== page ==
The 3 Biggest Developments in the Greater Philly Housing Market This Year

Still-torrid sales, scads of new multi-unit buildings and house prices that may be climbing beyond the reach of many.

Greater Philly real estate market house sold sign

The length of time houses go from “for sale” to “sold” in Greater Philadelphia remained astonishingly short in 2021, and that plus low inventory has led to rapidly rising prices — and worries that housing here may become unaffordable to the broad middle of the market. | Getty Images stock photo

2021 had to be better than 2020, didn’t it?

And even though everyone has pulled out their worry beads now to fret over the Omicron COVID variant, inflation, or both, it was. Even though it didn’t fly as high as it did in 2019, 2021 was another banner year for real estate and development hereabouts. Here are my picks for the top development and real estate happenings in the Greater Philly housing market in 2021.

1) The torrid sales pace begins to cool down, but prices continue their steeper climb.

The COVID lockdown of early 2020 turned out to be a speed bump for the fast-moving residential real estate market in the greater Philadelphia region. And for most of this year, sales continued at a rapid clip, but signs of a slowdown have begun to appear. November 2021 sales data from BHHS Fox & Roach Realtors show the sales pace in the eight-county core Philadelphia metropolitan market was off by 2.3 percent from last year but up 20.8 percent from the year before the pandemic hit.

And houses flew off the shelves even faster than they did in both 2019 and 2020: Houses in the region took only 27 days to sell on average, and it would take only 1.4 months to sell every house on the market in November — 30 percent less inventory than in 2020 and 61 percent lower than in 2019. But those inventory and days-on-market figures are up slightly from where they were during the summer. Average days on market rose slightly, from 21 in August, and that month’s supply of homes was also up by 0.1 month’s worth from August. Drexel University real estate guru Kevin Gillen wrote at the end of the second quarter of the year that sales were showing signs of softening, in part due to the low inventory of homes for sale.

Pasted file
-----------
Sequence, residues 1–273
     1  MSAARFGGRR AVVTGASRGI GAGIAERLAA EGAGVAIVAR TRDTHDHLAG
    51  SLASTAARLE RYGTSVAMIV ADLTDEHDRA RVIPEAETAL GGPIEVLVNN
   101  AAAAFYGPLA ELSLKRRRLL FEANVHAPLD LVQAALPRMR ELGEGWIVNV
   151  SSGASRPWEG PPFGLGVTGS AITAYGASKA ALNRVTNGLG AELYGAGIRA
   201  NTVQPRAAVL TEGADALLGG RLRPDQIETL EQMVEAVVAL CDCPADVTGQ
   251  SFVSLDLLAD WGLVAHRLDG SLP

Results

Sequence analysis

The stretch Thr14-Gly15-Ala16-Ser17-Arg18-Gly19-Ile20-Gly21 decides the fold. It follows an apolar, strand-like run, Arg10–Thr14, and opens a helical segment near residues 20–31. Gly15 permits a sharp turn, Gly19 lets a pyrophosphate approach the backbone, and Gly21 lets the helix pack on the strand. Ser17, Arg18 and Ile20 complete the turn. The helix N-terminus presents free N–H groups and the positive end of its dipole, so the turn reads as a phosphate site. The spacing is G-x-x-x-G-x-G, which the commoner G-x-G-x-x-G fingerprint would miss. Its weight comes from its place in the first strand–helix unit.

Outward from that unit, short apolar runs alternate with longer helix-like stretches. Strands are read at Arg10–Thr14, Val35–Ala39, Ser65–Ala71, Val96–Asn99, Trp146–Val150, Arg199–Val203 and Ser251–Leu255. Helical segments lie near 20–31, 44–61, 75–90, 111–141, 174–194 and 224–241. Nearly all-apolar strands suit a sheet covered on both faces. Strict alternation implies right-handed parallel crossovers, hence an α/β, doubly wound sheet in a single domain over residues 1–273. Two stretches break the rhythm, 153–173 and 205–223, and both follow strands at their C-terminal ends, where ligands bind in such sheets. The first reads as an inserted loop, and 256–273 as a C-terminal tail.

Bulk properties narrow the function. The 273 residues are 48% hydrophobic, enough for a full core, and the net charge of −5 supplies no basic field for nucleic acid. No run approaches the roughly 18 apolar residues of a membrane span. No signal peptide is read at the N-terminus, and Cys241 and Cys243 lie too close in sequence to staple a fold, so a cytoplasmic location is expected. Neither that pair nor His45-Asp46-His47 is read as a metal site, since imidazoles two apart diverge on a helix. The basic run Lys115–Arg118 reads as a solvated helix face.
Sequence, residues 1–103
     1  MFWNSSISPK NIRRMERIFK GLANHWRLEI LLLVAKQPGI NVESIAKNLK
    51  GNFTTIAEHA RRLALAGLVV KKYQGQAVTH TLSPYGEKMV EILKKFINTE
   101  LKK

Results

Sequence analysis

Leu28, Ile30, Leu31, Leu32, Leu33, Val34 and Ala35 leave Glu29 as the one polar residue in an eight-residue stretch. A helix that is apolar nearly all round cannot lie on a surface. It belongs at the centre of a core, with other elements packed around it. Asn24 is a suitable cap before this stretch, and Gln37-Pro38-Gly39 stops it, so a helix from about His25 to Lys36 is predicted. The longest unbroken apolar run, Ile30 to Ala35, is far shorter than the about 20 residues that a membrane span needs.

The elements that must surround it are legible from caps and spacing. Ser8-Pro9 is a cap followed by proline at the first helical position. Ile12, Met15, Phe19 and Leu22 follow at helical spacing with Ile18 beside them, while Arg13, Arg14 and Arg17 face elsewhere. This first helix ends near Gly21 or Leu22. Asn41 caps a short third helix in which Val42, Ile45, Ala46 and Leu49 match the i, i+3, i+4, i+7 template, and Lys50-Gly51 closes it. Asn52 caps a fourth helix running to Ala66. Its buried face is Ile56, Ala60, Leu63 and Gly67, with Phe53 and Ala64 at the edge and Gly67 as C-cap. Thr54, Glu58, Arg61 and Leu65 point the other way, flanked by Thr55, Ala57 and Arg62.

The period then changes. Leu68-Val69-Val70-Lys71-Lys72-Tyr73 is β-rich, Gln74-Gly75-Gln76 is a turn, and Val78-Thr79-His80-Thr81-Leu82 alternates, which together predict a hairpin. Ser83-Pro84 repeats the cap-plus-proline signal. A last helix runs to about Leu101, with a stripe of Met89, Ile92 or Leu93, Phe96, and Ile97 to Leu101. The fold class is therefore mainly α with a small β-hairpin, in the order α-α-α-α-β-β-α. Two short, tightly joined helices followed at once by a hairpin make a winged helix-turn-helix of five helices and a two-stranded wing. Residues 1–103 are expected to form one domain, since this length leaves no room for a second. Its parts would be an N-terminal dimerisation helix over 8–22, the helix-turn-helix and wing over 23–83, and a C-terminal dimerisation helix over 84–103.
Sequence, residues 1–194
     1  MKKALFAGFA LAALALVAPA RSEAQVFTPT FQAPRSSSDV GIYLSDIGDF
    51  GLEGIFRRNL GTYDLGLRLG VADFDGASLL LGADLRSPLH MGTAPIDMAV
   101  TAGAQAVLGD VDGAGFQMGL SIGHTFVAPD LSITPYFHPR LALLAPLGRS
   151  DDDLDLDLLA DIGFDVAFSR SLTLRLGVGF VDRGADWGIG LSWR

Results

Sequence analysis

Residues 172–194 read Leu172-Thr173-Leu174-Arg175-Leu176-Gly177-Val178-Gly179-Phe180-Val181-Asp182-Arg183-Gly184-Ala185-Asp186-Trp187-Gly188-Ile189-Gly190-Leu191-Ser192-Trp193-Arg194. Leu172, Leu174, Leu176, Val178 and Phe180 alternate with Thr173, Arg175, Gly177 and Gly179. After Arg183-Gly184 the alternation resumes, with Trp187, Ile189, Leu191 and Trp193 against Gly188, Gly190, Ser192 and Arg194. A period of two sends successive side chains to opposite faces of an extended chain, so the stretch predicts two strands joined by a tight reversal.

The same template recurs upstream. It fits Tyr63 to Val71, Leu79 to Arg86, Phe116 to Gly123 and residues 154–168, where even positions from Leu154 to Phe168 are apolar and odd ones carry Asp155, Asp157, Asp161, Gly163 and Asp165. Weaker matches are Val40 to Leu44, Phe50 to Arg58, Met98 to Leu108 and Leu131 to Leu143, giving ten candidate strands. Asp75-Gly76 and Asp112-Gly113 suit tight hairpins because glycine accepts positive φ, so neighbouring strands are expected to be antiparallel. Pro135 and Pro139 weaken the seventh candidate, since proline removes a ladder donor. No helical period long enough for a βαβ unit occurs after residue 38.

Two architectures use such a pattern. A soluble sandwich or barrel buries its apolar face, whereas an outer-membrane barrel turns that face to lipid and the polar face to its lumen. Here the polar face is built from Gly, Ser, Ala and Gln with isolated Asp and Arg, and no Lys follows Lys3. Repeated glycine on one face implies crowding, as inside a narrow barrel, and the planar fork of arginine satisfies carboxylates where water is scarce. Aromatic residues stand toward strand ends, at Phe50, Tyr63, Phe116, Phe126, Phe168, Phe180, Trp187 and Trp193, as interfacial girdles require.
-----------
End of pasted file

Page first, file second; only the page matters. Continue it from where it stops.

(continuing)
That low inventory, however, continues to contribute to sharp rises in house prices. The median house sale price in the eight-county market crossed the $300,000 threshold in November. The $310,000 median sale price is 10.7 percent above last November and 25.2 percent above 2019. The average sale price rose 10.3 and 28.5 percent, respectively, to $375,169.

fire pit and bocce court

The 478-unit Broadridge, which welcomed its first tenants this fall, is the largest one-building rental apartment community in the city. | Photo courtesy RAL Properties

2) Multifamily construction spreads outward from Center City.

For some years now, apartment buildings and condominiums, both new and converted from older office buildings, have accounted for the overwhelming bulk of the growth in Center City’s housing stock and residential population. But in the last year or so, they have begun to make up a greater share of new housing beyond the center.